Honolulu has a chance to lead the way in the nationwide battle between municipalities, taxis and ride-hailing services. But will the city move toward a free market or greater government control?
Honolulu almost made history in June when its city council voted 6-3 to outlaw “surge pricing” for ride-hailing companies such as Uber and Lyft. The move would have placed a cap on how much private transportation companies could charge for rides during periods of high rider demand. However, the ban never made it past the mayor’s desk.
Citing the need to adapt to changing technology and meet the public’s needs, Honolulu Mayor Kirk Caldwell vetoed the surge-pricing cap. Instead he suggested the city explore options to reduce the regulation of taxi fares. He told KHON News that his proposed bill focuses on disclosing the price to the customer, letting both taxis and ride-hailing companies offer flat rates or by-the-mile pricing.
“It is about leveling the playing field for all private transportation companies,” he said, “whatever your model is. We want to let you operate in the fairest way possible, but we want to protect consumers.”
It’s the obvious solution to a problem that has created tension across the country. Taxi services have lobbied in city councils and state legislatures to increase the regulations over Uber, Lyft, and similar companies. They have said it’s unfair that taxi companies have to comply with laws that don’t apply to the drivers for ride-hailing companies. They have claimed that the regulations guarantee public safety. Some have even said there is a moral dimension involved in regulating fares.
Given the unhappiness over the different levels of regulation for taxis and ride-hailing companies, Caldwell’s remarks about leveling the playing field should have been met with cheers from taxi companies, right?
Not so fast.
If you think businesses always oppose regulation, think again. When it comes to regulations that suppress competition, businesses can be ardent admirers of red tape.
One Honolulu cab company said the market is already saturated and taxi drivers are losing their jobs. Another equated surge pricing with price gouging, and suggested that the mayor’s proposal would lead to anarchy.
The owner of Eco Cab even sang the praises of regulation for Hawaii News Now: “We've always been regulated. I think it’s in the best interest of the community for for-hire transportation to be regulated. That's one of your primary responsibilities as a city.”
On the other hand, ride-hailing drivers are in favor of the level-playing-field approach. Uber — which lobbied against the bill, saying it threatened the future of ride-hailing in Hawaii — praised Caldwell’s decision. As one Uber driver told KHON: "It doesn’t just help us. It helps everybody on both sides. It's going to level the playing field, as they say, but at the same time it leaves what we’re doing the way it is.”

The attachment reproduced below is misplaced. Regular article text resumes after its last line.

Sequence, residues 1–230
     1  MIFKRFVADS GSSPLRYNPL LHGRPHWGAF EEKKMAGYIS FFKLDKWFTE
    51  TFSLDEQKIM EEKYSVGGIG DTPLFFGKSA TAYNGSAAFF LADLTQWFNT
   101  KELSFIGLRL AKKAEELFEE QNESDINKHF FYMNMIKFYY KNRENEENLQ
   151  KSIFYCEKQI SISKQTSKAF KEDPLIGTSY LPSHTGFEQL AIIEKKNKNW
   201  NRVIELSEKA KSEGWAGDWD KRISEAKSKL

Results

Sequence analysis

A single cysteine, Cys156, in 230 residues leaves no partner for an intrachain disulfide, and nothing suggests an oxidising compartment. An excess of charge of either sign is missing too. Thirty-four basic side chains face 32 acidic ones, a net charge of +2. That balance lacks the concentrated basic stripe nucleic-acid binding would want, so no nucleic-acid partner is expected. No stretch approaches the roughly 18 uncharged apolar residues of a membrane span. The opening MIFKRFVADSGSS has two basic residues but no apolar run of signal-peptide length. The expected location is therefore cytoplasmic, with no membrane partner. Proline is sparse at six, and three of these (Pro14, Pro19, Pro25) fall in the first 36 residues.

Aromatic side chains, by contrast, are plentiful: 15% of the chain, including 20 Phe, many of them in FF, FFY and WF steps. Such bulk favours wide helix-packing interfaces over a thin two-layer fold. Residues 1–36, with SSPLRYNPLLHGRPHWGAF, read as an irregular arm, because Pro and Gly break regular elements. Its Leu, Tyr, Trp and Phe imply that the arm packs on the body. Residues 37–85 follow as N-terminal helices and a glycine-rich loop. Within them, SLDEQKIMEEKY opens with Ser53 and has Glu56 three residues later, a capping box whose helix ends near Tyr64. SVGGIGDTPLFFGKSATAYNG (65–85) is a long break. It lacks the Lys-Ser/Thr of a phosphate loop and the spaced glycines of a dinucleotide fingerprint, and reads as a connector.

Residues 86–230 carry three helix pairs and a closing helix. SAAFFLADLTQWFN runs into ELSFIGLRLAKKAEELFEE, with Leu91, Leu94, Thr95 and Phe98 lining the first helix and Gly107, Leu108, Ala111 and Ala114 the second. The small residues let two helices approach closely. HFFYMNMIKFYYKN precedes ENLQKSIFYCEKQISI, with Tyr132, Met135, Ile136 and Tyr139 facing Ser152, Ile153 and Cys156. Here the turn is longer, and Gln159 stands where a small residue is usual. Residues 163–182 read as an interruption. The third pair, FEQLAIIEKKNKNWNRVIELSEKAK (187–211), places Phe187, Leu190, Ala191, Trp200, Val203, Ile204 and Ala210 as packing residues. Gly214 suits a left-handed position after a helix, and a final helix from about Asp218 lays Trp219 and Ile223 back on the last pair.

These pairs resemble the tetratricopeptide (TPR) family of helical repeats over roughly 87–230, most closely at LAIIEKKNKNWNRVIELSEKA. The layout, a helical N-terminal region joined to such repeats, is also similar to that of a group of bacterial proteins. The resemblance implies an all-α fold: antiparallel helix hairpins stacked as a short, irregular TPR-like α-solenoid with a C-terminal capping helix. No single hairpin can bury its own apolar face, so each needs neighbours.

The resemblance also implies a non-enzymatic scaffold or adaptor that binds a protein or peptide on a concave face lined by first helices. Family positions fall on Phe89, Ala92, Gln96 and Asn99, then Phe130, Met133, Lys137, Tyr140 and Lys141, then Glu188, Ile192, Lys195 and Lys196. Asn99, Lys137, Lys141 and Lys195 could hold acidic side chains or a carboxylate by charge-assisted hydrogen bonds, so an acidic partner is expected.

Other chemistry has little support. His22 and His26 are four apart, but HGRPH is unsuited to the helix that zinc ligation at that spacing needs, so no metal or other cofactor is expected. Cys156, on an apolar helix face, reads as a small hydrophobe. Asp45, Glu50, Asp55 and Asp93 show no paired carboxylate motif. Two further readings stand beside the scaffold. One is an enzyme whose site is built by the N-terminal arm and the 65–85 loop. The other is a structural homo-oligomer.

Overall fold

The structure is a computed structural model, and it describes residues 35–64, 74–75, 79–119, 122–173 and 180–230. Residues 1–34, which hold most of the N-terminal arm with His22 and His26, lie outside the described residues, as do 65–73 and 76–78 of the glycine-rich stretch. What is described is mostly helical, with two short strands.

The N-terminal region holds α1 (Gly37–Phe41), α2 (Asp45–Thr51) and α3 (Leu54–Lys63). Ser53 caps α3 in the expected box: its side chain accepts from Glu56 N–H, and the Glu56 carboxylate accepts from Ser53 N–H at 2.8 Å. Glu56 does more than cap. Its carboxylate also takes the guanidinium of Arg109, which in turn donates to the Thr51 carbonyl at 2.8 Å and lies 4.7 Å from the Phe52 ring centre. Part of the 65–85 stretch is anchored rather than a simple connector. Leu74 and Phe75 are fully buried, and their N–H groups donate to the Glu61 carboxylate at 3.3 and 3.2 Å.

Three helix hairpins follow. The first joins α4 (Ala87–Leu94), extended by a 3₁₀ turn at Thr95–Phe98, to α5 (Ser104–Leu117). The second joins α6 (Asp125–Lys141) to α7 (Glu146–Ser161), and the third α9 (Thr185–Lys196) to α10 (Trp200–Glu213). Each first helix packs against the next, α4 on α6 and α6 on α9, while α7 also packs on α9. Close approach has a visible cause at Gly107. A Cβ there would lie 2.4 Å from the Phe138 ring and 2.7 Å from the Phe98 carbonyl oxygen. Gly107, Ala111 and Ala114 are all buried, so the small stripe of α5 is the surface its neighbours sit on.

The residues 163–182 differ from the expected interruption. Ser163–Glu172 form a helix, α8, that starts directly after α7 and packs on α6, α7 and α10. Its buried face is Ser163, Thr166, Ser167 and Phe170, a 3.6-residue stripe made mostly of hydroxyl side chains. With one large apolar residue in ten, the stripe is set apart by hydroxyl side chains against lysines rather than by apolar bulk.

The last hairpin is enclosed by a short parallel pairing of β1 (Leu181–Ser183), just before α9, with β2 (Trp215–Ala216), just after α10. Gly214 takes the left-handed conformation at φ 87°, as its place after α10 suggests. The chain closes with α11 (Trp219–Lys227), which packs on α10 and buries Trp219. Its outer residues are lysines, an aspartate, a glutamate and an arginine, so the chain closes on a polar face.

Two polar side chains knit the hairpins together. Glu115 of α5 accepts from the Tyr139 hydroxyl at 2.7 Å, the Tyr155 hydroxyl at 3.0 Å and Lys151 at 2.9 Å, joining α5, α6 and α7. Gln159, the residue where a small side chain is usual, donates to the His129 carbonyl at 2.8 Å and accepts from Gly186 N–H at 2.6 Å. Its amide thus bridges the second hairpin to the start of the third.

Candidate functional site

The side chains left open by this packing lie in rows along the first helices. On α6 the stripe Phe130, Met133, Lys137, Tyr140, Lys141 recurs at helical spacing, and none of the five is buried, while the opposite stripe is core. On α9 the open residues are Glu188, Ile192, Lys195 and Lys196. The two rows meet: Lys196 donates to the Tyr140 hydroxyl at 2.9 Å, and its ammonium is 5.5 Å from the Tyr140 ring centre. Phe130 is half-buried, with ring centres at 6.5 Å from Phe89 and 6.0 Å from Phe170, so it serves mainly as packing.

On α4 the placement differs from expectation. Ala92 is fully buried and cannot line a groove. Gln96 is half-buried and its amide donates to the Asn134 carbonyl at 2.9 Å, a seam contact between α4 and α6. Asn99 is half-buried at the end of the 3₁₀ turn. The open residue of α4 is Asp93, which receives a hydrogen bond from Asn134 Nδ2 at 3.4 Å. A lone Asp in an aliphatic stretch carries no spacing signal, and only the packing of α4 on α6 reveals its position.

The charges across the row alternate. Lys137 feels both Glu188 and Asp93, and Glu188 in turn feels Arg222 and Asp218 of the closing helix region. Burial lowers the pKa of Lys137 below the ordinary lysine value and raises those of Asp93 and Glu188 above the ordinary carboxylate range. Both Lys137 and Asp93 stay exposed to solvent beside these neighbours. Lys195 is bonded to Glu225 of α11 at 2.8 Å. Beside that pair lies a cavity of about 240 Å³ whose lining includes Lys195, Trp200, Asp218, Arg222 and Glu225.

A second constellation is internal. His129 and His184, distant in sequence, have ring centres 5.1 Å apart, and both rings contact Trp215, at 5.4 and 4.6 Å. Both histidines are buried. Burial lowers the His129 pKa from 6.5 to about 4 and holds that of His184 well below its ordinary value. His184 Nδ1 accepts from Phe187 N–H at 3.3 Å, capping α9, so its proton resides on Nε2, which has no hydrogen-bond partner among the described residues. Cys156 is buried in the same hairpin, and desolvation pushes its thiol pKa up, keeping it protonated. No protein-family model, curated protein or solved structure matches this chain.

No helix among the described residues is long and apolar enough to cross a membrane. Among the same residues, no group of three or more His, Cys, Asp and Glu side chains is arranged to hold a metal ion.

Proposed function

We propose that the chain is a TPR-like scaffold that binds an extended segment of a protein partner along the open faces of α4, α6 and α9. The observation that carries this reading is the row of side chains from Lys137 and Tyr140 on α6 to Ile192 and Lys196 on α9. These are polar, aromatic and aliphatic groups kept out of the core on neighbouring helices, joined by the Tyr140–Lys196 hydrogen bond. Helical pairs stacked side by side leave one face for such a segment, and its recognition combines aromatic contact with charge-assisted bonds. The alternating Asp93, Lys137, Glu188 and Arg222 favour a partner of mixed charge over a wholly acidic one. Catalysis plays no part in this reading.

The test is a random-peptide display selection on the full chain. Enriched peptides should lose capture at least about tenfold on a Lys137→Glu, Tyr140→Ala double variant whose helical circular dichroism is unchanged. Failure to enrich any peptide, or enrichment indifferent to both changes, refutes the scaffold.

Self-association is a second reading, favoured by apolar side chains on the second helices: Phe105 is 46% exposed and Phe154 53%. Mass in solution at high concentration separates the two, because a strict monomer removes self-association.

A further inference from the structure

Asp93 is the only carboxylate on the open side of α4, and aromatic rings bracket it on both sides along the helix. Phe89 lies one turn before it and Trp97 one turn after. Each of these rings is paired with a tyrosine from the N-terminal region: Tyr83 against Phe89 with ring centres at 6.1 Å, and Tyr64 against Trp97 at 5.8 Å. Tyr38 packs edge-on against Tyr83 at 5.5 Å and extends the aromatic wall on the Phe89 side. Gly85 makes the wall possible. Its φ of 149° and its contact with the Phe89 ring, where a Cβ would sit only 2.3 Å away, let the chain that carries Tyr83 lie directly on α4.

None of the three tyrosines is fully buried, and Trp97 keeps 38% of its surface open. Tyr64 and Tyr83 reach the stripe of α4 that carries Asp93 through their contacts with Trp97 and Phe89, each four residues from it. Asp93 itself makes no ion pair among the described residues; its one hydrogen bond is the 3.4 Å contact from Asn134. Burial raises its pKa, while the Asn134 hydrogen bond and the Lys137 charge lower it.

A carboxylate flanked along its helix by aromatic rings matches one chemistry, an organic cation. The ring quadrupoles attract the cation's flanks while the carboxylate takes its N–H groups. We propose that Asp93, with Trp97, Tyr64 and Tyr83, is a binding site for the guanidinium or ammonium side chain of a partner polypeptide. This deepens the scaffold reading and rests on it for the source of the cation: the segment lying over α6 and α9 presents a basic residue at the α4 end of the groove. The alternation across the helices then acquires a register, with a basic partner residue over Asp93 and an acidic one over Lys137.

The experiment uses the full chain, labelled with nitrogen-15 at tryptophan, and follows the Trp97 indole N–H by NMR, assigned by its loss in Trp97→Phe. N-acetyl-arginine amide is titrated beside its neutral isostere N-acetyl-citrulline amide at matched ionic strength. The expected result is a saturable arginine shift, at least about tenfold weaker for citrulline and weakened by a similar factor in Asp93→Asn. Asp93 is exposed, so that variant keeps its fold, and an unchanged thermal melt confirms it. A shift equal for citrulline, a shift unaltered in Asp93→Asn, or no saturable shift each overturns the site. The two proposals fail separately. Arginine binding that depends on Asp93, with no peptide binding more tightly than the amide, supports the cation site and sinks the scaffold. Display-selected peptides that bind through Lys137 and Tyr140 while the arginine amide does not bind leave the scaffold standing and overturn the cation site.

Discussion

The conflict between Honolulu cabs and ride-hailing companies became even more fraught when the state Department of Transportation made permanent a pilot program that allowed Uber and Lyft drivers to pick up passengers at the airport. Representatives of the taxi industry complained that the change was unfair, hurts taxi drivers, and was turning the industry into the “Wild West,” but the DOT said that the “vast majority” of public testimony favored the change.
It appears that the winds in Honolulu are changing when it comes to ride-hailing restrictions, and that shift is in favor of deregulation.
Caldwill’s bill is one of two currently in the Honolulu City Council’s Budget Committee. One benefit of Caldwell’s is that it would allow individuals with out of state driver’s licenses to be riding hailing or taxi drivers. Currently, both taxi and ride-hailing drivers need a State of Hawaii driver’s license to operate. But Caldwell’s bill could go further. It would allow surge pricing (with advance notification) and gives taxis more flexibility in their fare structure, but it also would introduce other regulations for ride-hailing drivers.
The other bill, introduced by Councilmember Trevor Ozawa, proposes a prior-disclosure-plus-receipt rule for private transportation companies, but would not limit surge pricing. It also would repeal certain requirements related to taxi certification numbers.
This is a step in the right direction, but why not match the mayor’s rhetoric with a system that puts taxis and ride-hailing drivers on the same footing — by reducing regulation of taxis but not increasing regulation on Uber ride-hailing companies?
Instead of chasing out ride-hailing companies and their benefits, Honolulu could be one of the first major American cities to pursue deregulation and increased freedom of choice in in transportation services. That way, the consumers — not the lobbyists or bureaucrats — could decide which services are best for them.
Malia Hill is the policy director of the Grassroot Institute of Hawaii (@GrassrootHawaii), a public policy think tank dedicated to the principles of individual liberty, free markets and accountable government.